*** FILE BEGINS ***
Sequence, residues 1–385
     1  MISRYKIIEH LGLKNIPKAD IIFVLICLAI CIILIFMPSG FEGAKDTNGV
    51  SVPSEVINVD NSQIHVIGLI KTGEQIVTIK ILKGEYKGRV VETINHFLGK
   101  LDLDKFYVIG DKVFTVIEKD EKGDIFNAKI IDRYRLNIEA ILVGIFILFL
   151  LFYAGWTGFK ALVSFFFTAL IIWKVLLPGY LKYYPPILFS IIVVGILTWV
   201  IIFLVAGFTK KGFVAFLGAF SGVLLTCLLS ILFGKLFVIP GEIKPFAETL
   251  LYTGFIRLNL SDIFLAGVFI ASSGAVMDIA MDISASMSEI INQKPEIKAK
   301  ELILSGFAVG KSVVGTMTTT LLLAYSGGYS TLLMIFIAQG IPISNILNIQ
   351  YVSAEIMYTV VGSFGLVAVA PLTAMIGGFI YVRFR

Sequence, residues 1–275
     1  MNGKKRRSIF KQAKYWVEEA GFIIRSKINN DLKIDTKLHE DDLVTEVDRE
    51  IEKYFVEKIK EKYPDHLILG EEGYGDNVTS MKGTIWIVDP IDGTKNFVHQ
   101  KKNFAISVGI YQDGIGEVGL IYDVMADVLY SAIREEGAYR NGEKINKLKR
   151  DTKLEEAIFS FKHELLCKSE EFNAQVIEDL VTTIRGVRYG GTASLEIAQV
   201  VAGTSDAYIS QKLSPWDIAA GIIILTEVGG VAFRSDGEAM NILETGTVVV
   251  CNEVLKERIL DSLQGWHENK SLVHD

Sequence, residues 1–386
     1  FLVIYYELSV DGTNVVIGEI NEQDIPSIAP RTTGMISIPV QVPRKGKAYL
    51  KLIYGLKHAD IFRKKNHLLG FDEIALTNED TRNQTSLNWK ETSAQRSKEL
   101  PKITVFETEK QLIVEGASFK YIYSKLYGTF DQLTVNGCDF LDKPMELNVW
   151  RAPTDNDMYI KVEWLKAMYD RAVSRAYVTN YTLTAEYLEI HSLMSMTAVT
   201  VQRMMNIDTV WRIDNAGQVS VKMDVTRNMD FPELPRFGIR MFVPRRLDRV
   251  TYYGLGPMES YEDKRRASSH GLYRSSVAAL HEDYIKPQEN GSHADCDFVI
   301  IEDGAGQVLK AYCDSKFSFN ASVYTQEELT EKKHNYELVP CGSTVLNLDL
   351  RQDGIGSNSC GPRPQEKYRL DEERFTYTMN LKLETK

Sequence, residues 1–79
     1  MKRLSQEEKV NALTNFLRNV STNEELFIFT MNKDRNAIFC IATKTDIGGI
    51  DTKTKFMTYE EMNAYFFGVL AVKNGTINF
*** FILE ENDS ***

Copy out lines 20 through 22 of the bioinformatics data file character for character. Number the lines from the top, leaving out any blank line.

   101  PKITVFETEK QLIVEGASFK YIYSKLYGTF DQLTVNGCDF LDKPMELNVW
   151  RAPTDNDMYI KVEWLKAMYD RAVSRAYVTN YTLTAEYLEI HSLMSMTAVT
   201  VQRMMNIDTV WRIDNAGQVS VKMDVTRNMD FPELPRFGIR MFVPRRLDRV